Do you ever eat (or restrict) to avoid, numb out, sooth, or distract from uncomfortable emotions? Read this.

I’m back to chat about another one of the core intuitive eating principles and one that can be a bit controversial: honoring your feelings without using food (aka emotional eating).

Emotional eating is eating to avoid, numb out, sooth, or distract from emotions.

Emotional eating can also be when we restrict food for one of those reasons, too.

Do you ever eat (or restrict) to avoid, numb out, sooth, or distract from uncomfortable emotions?

In her book Women, Food and God: An Unexpected Path to Almost Everything, Geneen Roth says,

‘Imagine not being frightened by any feeling. Imagine knowing that nothing will destroy you. That you are beyond any feeling, any state. Bigger than. Vaster than. That there is no reason to use drugs because anything a drug could do would pale in comparison to knowing who you are. To what you can understand, live, be, just by being with what presents itself to you in the form of the feelings you have…’

I sat with this quote on many occasions when I was learning to honor my feelings without using food.

If you’re up for it, I’d love to invite you to sit with that quote for a moment today, too, as you imagine not being frightened by your feelings, trusting that they won’t destroy you, and understanding that they are a gateway to knowing yourself on a deeper level.

It’s such a simple, powerful truth, right?

You’re safe to feel your feelings.

But man, sometimes feelings feel so scary.

We will keep coming back to the important truth that you’re safe to feel your feelings as we dig into today’s intuitive eating topic.

There can be a lot of shame and guilt wrapped up in emotional eating.

If you take nothing else away from today’s chat, I hope you’ll take this with you: some level of emotional eating is part of a normal, natural, and intuitive relationship with food.

Yes, you heard me!

It’s OK for food to bring you pleasure.

It’s OK for it to bring you comfort.

It’s OK for it to help you celebrate.

It’s OK for it to soothe you.

It’s OK.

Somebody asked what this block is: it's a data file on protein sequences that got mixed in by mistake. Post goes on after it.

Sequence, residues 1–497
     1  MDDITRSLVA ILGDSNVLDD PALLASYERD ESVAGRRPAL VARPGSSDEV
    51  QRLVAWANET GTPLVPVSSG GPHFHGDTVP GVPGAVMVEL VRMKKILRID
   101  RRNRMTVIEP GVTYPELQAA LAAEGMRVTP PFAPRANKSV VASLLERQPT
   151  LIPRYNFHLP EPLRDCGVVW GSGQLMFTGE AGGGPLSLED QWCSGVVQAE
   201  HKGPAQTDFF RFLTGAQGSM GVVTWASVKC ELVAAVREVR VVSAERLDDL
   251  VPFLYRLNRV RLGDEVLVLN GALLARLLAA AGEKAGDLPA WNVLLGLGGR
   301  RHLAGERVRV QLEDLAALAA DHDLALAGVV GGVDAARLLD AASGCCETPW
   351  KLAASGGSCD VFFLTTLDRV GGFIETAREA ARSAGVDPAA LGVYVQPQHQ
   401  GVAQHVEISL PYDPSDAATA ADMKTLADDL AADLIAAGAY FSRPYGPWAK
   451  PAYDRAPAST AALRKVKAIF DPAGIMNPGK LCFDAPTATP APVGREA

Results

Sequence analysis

You’re OK. 

You’re not a terrible un-intuitive monster if you eat a bowl of mac n’ cheese at the end of a tough day because it reminds you of being a kid and feels cozy.

Intuitive eating is in part about releasing food rules.

So, that last thing I want you to do is create a rule that you’re never allowed to eat emotionally.

In addition to dispelling the guilt and shame surrounding the totally unrealistic idea that you ‘should never emotionally eat,’ I also want to empower you with other, non-food, ways to cope with your emotions, too.

There is really cool opportunity for you to take care of yourself emotionally in ways that have nothing to do with food.

Today we’re going to talk about two ways to do this:

  1. proactive self care
  2. emotional response

Proactive self care:

These are the ways we care for ourselves day in and day out. They help us to feel cared for, not only physically but also mentally, emotionally, spiritually, and socially. They help us to manage stress, build meaningful and fulfilling lives, and experience overall wellness.

Some of my favorite proactive practices include:

  • Eating intuitively – listening to your body’s needs and honoring those on a regular basis
  • Moving your body for fun
  • Prioritizing relationships with people you care about
  • Unplugging from social media on a regular basis
  • Rest, including quality sleep and relaxation
  • Incorporating play and adventure in daily life
  • Engaging in a regular spiritual practice
  • Creating boundaries that allow you to minimize overwhelm
  • Curate a supportive environment and space (home, work, car, etc)
  • Regular emotional processing and support – with a friend, partner, therapist, coach, etc.

This is not an exhaustive list, but rather food for thought as you reflect on the following questions:

How do you proactively care for yourself on a regular basis?

Where is there room to grow for you in this area?

Once you’ve reflected on your proactive self care practices, you can take a look at your emotional response aka how you typically respond to your emotions.

Emotional response:

When you feel something uncomfortable, it can be easy to want to un-feel it as quickly as possible.

But, it’s so important to remember that our feelings aren’t going anywhere – no matter how many brownies we do or don’t eat.

A brownie might give you a momentary break from the feeling but it will be there when you finish waiting to be felt.

This is a great time to remind yourself that you’re safe to feel your feelings.

Some of my favorite emotional responses include:

  • asking yourself, ‘what is this uncomfortable feeling I’m having right now?’ and ‘what feels scary about this feeling?’
  • create a safe space to feel it (maybe a shower, walk outside, bathroom stall, or under the covers in your bed)
  • get it out (cry, breathe, scream, whatever you need to do)
  • once you’ve taken the time to emote, process it (journal, pray, talk to a friend, share with a professional you’re working with for emotional support)
  • separate feeling from facts — your feelings are valid but they are not necessarily rooted in facts (i.e. you might feel like all your friends hate you when that is not actually the truth)

This is not an exhaustive list, but rather food for thought as you reflect on the following questions:

How do you respond to emotions and care for yourself emotionally in the moment when a difficult or uncomfortable emotion comes up?

Where is there room to grow in this area?

Like Geneen Roth says, your emotions are a way for you to know yourself more deeply, which is pretty dang cool.

After all, you’re worth knowing!

xo, Sim

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